LOOK THEM IN THE EYE!

As this new season approaches make it a goal to become more comfortable with talking to coaches, especially when you know they are agitated.

Here is where to start. When you make a call and you immediately know that the coach is going to be at odds with it, maybe because you could hear him right after you put air the whistle or maybe you could see him jump up and down in your periphery, or maybe because you know you kicked it, determine to look him/her right in the eye as you make your way to the table.

I am not advocating a stare down here. Just a strong, momentary eye contact as you approach the reporting area. This eye contact communicates several things to the coach. Number one, it communicates to him or her that you are not afraid of them and that you are confident in your abilities and probably cannot be intimidated.

It also tells them that you know whether or not they are in their coaching box or not. If they are not, your eyes can go from their eyes to the coaching box with a little head tilt and then back to their eyes. You may be surprised how this little technique will get them to step back into their box immediately.

After you make eye contact with a coach that is standing there with his/her arms up in the air in total disbelief at how you could have made that call, say to them, “I’ll be with you in a second.” Then report the foul to the table, send your trail to the other side of the court, look the coach in the eye and say, ‘What ya got for me coach?”

Let’s say the coach responds with “How could that be a charge?”

Don”t answer the question.

Instead ask your own question.

He or she who asks the question is in control of the conversation! And you want to be in control.

“What did the defense do wrong, coach?”

He was moving!

Doesn’t the rule book specifically say that defenders can move to maintain a legal guarding position?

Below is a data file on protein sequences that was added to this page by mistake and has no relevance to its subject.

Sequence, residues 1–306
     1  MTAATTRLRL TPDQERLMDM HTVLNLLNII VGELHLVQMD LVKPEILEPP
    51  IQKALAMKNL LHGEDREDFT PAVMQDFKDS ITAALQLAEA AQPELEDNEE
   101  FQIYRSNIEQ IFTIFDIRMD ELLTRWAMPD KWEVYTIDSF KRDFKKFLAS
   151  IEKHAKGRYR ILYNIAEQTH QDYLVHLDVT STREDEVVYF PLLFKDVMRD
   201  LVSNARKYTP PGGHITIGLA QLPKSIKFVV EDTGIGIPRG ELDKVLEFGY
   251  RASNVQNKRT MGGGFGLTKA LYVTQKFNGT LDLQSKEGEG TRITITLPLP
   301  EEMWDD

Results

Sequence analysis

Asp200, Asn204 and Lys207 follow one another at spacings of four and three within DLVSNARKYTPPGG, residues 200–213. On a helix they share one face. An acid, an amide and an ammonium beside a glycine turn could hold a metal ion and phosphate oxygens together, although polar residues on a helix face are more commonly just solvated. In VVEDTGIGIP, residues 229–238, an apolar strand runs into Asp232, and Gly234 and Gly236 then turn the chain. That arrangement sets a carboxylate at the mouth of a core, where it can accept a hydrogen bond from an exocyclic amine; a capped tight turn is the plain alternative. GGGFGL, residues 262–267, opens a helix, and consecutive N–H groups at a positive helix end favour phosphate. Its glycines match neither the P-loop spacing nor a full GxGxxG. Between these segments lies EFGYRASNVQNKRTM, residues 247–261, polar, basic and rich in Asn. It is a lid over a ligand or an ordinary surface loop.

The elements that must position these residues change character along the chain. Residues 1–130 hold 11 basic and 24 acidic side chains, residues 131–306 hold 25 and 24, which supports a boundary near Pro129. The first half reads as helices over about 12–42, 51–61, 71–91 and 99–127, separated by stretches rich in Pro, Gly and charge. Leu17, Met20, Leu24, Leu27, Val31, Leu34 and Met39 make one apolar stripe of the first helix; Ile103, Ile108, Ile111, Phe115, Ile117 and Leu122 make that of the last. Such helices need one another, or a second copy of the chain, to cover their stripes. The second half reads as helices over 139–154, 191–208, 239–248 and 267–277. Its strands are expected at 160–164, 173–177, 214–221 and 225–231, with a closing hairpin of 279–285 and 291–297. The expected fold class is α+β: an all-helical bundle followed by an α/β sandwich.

As we know you only have a very short time to conduct this discussion before the ball is going the other way and you will have to leave.

So to sum up this approach:

Look them in the eye.

Don’t ignore them.

Acknowledge them.

What do they have for you?

Deflect them to where you want to go by asking a quick question.

Let them respond

“I hear you coach.”

Give them the last word.

And get out of there.

There is a link below to a little video clip where I believe a lead official kicks a call on a blocked shot. It looks to me like the ball handler who is driving the baseline is behind the backboard and has too jump into the defender in order to get a shot off. The ball handler in fact uses his off arm to fend off the defender. The defender appears to me to go straight up and knocks the ball out of bounds.

My guess is the official was focusing on the offensive player and not on the defender.

This is a easy call for an experienced official. Rule a good block on the shot and give the ball back to Team A for the throw in. It is a win-win! Team A doesn’t get any free throws, but they do get the ball back on the end line for a throw-in. Team B doesn’t get called for a foul, Team A doesn’t get any foul shots and Team B can now defend the throw in.

What is important on this clip is how the calling official just completely ignores the coach. No acknowledgment, no eye contact, no discussion, just more frustration on the part of the coach.

He missed the opportunity to say to the coach. “That was a tough play coach.” “Could have gone either direction. Maybe i kicked it!”

Don’t ignore them.

Acknowledge them.

Look them in the eye!

As this new season approaches make it a goal to become more comfortable with talking to coaches, especially when you know they are agitated.

Here is where to start. When you make a call and you immediately know that the coach is going to be at odds with it, maybe because you could hear him right after you sounded the whistle or maybe you could see him jump up and down in your periphery, or maybe because you know you kicked it, determine to look him/her right in the eye as you make your way to the table.

I am not advocating a stare down here. Just a strong, momentary eye contact as you approach the reporting area. This eye contact communicates several things to the coach. Number one, it communicates to him or her that you are not afraid of them and that you are confident in your abilities and probably cannot be intimidated.

It also tells them that you know whether or not they are in their coaching box or not. If they are not, your eyes can go from their eyes to the coaching box with a little head tilt and then back to their eyes. You may be surprised how this little technique will get them to step back into their box immediately.

After you make eye contact with a coach that is standing there with his/her arms up in the air in total disbelief at how you could have made that call, say to them, “I’ll be with you in a second.” Then report the foul to the table, send your trail to the other side of the court, look the coach in the eye and say, ‘What ya got for me coach?”

Let’s say the coach responds with “How could that be a charge?”